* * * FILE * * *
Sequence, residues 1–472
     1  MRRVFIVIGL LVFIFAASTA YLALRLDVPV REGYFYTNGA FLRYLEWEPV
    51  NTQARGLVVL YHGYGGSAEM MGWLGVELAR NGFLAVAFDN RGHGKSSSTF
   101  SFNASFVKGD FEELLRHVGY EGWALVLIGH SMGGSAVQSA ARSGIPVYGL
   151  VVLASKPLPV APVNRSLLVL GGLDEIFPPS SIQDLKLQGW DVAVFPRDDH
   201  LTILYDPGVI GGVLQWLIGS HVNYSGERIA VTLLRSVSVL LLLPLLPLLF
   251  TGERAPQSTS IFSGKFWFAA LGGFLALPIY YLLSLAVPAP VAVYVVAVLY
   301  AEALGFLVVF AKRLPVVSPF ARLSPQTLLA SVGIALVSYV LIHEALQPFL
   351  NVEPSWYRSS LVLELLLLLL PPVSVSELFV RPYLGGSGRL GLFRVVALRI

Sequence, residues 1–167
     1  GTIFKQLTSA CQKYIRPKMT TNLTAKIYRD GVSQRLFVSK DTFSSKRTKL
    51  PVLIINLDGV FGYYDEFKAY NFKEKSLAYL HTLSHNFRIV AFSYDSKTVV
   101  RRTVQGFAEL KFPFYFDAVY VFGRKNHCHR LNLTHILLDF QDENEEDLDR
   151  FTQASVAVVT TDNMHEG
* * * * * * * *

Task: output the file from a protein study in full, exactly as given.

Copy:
Sequence, residues 1–472
     1  MRRVFIVIGL LVFIFAASTA YLALRLDVPV REGYFYTNGA FLRYLEWEPV
    51  NTQARGLVVL YHGYGGSAEM MGWLGVELAR NGFLAVAFDN RGHGKSSSTF
   101  SFNASFVKGD FEELLRHVGY EGWALVLIGH SMGGSAVQSA ARSGIPVYGL
   151  VVLASKPLPV APVNRSLLVL GGLDEIFPPS SIQDLKLQGW DVAVFPRDDH
   201  LTILYDPGVI GGVLQWLIGS HVNYSGERIA VTLLRSVSVL LLLPLLPLLF
   251  TGERAPQSTS IFSGKFWFAA LGGFLALPIY YLLSLAVPAP VAVYVVAVLY
   301  AEALGFLVVF AKRLPVVSPF ARLSPQTLLA SVGIALVSYV LIHEALQPFL
   351  NVEPSWYRSS LVLELLLLLL PPVSVSELFV RPYLGGSGRL GLFRVVALRI

Sequence, residues 1–167
     1  GTIFKQLTSA CQKYIRPKMT TNLTAKIYRD GVSQRLFVSK DTFSSKRTKL
    51  PVLIINLDGV FGYYDEFKAY NFKEKSLAYL HTLSHNFRIV AFSYDSKTVV
   101  RRTVQGFAEL KFPFYFDAVY VFGRKNHCHR LNLTHILLDF QDENEEDLDR
   151  FTQASVAVVT TDNMHEG